Today’s post was inspired by a comment I received from a reader named NAMELESS. And, of course, it includes an adorable mousey outfit. NAMELESS asked for advice on a problem that a lot of people I know have had, and I’ve even experienced it myself.
How many of you love your pets? How many of your pets love you? (Of course they do! You feed them, don’t you?) You love your pets, they love you. That’s why you feel sad when you lose a pet. You may even feel like the world should be ending. How dare it continue to spin???!!! How can the people around you keep on with their lives, acting as if nothing has happened??
What you are feeling, the sensation of wondering why the world is permitted to continue its annoyingly endless spinning, is labeled as grief. As Mr. Webster states it, a “deep sadness caused especially by someone’s death.”
Everyone handles grief a different way. Some people mask their pain and deal with it by forcing themselves to go on with their normal lives. Others cry as hard as they want, for as long as they want. However you handle grief, you should remember that it is okay. I think this is very important because some people never can quite accept that
it’s okay. It’s okay to cry. It’s okay not to feel like doing what you normally do. It’s okay to show that you feel this pain. Pain is a normal part of human life, and so is loss. But that doesn’t mean that everything’s going to go right back to normal ten seconds later. It also doesn’t mean that you’re going to forget about your pet two days after. You may feel this pain, however normal it might be, for a long time afterwards. And that’s okay.
A lot of people will be overcome with memories of this pet in the days closely following the event of their death. And many of them will try to ignore the memories, or try to forget about them. Personally, I don’t think that’s the best thing to do. They might think that allowing themselves to have these memories will validate the fact that a member of the family, no matter how furry he or she may be, is gone from this earth. But the truth is that whether you validate it with your memories or not, it has happened. So instead of trying to forget all the good times you had with your pet, just enjoy remembering them! I think you’ll feel a lot better, and remembering the good times is definitely better than allowing yourself to just sit there, feeling upset.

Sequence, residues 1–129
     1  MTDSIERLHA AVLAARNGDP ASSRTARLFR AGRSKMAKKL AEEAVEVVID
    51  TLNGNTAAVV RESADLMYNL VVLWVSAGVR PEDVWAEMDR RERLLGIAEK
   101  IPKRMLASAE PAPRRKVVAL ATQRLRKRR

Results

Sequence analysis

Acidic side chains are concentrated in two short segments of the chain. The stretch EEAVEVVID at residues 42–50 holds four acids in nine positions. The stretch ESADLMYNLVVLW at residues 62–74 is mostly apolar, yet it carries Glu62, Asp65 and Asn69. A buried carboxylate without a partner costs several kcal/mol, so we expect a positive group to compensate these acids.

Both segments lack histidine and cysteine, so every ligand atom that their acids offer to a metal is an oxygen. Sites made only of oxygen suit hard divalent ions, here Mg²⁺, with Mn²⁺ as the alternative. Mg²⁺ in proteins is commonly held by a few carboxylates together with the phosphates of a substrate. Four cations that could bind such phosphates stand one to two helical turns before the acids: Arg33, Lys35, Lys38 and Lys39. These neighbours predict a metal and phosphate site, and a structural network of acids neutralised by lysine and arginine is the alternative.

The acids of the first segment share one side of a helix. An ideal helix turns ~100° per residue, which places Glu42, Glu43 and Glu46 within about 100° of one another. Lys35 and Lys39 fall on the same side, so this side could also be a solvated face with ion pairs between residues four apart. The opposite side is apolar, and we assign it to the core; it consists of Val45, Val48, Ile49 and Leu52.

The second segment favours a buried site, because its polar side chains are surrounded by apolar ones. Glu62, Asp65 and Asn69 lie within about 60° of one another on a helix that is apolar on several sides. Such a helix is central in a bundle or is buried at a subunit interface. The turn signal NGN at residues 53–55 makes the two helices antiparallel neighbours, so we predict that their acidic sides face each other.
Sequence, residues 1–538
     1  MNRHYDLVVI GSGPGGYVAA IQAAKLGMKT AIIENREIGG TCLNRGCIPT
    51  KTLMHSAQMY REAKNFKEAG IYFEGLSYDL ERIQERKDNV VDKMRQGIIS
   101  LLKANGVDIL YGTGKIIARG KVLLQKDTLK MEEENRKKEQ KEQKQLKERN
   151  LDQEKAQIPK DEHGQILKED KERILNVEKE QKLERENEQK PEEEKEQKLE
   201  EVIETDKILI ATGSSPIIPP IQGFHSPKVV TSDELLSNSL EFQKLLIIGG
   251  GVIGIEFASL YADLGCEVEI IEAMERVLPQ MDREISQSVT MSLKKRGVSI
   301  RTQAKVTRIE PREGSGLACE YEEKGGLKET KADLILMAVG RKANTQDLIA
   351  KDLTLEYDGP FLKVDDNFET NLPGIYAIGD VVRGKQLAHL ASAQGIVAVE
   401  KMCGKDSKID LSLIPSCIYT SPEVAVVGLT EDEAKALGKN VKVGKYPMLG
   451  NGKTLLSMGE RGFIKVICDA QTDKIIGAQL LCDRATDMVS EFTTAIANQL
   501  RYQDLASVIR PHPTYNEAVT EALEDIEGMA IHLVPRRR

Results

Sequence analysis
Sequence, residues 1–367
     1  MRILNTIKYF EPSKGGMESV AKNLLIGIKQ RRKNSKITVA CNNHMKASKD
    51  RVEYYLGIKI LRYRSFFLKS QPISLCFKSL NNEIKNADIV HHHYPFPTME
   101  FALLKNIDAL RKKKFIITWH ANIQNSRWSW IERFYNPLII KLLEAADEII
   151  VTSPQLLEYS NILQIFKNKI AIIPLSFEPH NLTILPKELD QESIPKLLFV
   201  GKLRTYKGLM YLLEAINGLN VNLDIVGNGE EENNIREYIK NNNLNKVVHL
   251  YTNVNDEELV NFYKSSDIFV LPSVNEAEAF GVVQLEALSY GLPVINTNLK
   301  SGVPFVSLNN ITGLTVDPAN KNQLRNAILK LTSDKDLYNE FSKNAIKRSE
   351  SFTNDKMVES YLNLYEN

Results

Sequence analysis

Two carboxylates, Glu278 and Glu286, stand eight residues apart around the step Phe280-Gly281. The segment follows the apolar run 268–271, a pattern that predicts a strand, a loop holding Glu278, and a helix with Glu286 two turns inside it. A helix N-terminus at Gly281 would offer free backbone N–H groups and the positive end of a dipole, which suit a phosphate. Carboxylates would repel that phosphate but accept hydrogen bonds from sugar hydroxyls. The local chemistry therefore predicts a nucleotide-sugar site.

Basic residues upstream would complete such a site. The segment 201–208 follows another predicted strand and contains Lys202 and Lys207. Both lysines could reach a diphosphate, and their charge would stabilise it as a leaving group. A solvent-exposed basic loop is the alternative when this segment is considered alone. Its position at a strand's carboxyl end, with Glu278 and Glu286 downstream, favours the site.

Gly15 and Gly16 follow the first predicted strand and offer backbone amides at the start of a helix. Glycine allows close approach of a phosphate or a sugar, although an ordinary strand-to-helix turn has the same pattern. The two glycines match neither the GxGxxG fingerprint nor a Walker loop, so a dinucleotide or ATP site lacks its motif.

I remember when my cat died. It was actually last year, pretty recently. So I have experienced similar events as you have if you have lost a pet. And I also remember that my cat was about 20 years old. If you don’t know, that’s really old for a cat. Like really old. She was about 97 in cat years. So she had arthritis, and difficulty walking and moving around. When she passed away, I remember being really upset, but I tried to do what I am going to tell you to do. Think about the positive.
For example, I knew that she had had arthritis, which meant that she was in pain a lot of the time. I believe in pet heaven, because we love our pets, so why shouldn’t they meet us in heaven? So even though my cat had arthritis and was in pain here on Earth, I chose to think about the positive. I chose to believe that she was happy in heaven, and I chose to think about how she was relieved of her pain. That’s a good thing, right? We never want our pets to suffer, so I felt better imagining her running around again like she did when she was young, relieved of her pain. Did I ever tell you how she used to catch mice and bring them to my mom when she was younger? But that’s another story.
So when you feel sad about your pet, think instead about all the happy times you did get to share with them, and how, whether they were getting on in their years or just had an injury or sickness, they are relieved of any pain they were feeling on Earth. And they might just get another opportunity to catch those mice! 🙂
(That was just a metaphor. Don’t literally think about them catching mice. Especially if your pet is a horse. Or a guinea pig. Or worse, a mouse!!)
P.S. Isn’t she cute?